Moreover, a recent study by Federal Reserve staff indicates that "full disclosure" of the underlying details, by itself, does not appear to be a panacea.1 The study adopts the premise that most of what investors need to know about the true pension-financing costs, not the mixed attribute accounting costs, can be reflected in two numbers disclosed in the pension footnote. These two numbers are the fair market value of pension assets and the present value of outstanding pension liabilities. The study finds that these direct measures of pension assets and liabilities tend to be ignored by investors in favor of the potentially misleading accounting measures, and as a result, the average firm with a defined-benefit plan in 2001 may have been 5 percent to 10 percent overvalued relative to an otherwise similar firm without a defined-benefit plan.

In general, the test for useful disclosure should be the following questions: Are the firm and its accountants providing investors with what is needed to accurately evaluate the financial position of the firm and the risks that it faces? And is the information provided in a manner that facilitates accurate assessments by investors? Ultimately, improved transparency would benefit corporations by reducing uncertainty about the value of their securities, which would lower the cost of, and increase access to, market funding.

In the past few years, capital markets have shown themselves to be a powerful force in disciplining and rewarding firms. In the summer of 2002, after corporate bond investors had been badly burned by over-leveraged telecommunication firms and a wave of corporate accounting scandals, risk spreads on corporate bonds ballooned toward record levels. However, substantial declines in risk spreads of corporate bonds over the past year reflect the increased emphasis on corporate governance and audit quality and stronger corporate balance sheets accomplished through lengthening the average maturity of liabilities and de-leveraging. These narrower debt spreads have significantly reduced the cost of capital to firms, particularly at the lower end of the credit quality spectrum, where the average risk spread on junk-rated corporate bonds has fallen about 700 basis points, to its lowest level since mid-1998.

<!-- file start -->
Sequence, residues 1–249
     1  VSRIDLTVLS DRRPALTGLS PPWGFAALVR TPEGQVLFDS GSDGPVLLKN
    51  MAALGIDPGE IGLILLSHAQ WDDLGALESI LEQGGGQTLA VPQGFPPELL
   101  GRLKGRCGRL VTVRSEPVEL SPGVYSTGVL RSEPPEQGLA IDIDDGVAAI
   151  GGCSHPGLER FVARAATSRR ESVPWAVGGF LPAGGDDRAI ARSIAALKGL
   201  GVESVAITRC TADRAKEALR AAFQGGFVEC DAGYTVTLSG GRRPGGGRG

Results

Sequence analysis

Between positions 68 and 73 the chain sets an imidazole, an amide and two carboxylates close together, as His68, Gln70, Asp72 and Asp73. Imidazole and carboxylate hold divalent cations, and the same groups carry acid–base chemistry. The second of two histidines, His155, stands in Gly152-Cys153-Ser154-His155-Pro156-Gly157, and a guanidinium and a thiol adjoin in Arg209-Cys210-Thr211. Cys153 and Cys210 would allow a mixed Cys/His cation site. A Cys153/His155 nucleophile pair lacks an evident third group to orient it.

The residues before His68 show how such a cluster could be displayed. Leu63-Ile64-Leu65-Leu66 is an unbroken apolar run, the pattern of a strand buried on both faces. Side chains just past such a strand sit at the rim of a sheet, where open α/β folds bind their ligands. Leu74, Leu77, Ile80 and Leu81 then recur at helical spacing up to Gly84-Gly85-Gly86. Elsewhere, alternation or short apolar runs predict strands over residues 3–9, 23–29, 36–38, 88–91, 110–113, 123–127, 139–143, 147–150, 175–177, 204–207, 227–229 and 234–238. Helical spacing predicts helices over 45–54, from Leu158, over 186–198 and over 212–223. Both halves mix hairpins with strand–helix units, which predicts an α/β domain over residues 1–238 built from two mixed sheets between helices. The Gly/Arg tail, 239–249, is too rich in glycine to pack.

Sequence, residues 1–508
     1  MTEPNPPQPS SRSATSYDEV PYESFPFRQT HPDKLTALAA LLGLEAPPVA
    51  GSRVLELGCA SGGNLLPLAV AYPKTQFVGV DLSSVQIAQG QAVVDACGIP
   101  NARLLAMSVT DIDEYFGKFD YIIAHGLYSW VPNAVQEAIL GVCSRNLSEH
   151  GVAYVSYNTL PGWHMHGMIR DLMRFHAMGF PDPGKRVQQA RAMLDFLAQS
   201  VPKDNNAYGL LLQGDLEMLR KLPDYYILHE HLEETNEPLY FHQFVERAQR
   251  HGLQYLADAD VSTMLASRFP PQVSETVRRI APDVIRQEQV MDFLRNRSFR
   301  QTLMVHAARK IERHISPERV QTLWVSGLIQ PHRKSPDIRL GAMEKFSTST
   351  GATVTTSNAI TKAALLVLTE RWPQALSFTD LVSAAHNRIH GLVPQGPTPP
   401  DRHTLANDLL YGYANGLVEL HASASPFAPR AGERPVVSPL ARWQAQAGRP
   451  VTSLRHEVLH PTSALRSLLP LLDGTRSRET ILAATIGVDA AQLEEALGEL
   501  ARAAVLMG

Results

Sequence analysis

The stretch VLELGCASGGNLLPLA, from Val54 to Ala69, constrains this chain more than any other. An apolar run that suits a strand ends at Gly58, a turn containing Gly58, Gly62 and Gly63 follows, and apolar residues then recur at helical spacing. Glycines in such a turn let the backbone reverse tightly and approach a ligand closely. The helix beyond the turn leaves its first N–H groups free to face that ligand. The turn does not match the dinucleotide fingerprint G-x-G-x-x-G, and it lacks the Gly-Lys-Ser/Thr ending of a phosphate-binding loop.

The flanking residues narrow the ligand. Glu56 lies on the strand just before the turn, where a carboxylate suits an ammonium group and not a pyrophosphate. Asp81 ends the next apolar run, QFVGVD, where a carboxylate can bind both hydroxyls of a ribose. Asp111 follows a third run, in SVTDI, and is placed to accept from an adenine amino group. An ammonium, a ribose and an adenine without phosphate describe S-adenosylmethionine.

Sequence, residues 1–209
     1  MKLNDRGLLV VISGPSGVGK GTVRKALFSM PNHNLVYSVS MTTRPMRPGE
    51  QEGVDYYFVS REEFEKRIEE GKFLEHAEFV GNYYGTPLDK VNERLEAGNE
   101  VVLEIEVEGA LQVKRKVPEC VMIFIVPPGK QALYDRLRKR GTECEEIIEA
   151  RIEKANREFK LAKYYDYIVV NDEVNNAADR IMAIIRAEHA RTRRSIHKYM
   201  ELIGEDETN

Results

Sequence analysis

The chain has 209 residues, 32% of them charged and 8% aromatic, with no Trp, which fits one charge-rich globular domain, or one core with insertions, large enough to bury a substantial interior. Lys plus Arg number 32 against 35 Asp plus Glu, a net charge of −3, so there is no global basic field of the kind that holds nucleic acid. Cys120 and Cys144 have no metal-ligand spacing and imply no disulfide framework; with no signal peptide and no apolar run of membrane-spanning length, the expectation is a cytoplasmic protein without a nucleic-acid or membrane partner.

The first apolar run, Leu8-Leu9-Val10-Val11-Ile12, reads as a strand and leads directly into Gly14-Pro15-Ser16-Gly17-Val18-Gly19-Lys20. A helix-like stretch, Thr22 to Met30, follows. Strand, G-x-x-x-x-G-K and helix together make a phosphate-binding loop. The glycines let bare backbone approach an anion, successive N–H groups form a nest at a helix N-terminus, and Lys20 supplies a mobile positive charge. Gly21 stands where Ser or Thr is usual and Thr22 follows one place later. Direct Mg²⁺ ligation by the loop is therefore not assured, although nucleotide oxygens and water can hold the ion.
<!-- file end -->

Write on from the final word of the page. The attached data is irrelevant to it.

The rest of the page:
Financing Patterns and Corporate Governance
Besides the changes in transparency to which I have already alluded, another key development affecting corporate governance has been the increasing portion of public equity held by institutional investors on behalf of households. According to the Flow of Funds accounts published by the Federal Reserve, the combined share of corporate equity managed by mutual funds, pension funds, and life insurance companies grew from only 3 percent in 1952 to 48 percent by the third quarter of 2003, the latest period for which data are now available. As of that date, pension funds held 21 percent of corporate equity in the United States. Mutual funds held another 21 percent, and life insurance companies held 6 percent, mainly through separate accounts that, in effect, were mutual funds with insurance wrappers.

These changes are indeed dramatic, but it is not obvious whether we should be comforted or concerned that an increasing share of corporate equity is in the hands of institutional investors. A primary issue is whether institutional investors are more "active shareholders" than individual investors. That is, compared with individual investors--especially those with large holdings--are institutional investors more likely to actively monitor and influence both management actions and corporate governance mechanisms at the firms in which they invest? Shareholder activism may provide market discipline directly by preventing management from pursuing its own interests at the expense of shareholders. Shareholder activism may also pave the way for other forms of market discipline--such as corporate takeovers and changes in share prices and funding costs--by eliminating management-takeover protections and by inducing greater transparency.

Unfortunately, whether institutional investors have more or less incentive to be activist shareholders than individual investors is not clear. On the one hand, because institutional investors make large investments in companies, they will have more bargaining power with company management than individual investors have, and they will derive more benefits from mitigating corporate malfeasance than individual investors will. Among institutional investors, pension funds and insurance companies are thought to benefit the most from shareholder activism because they tend to have relatively long-term investment horizons.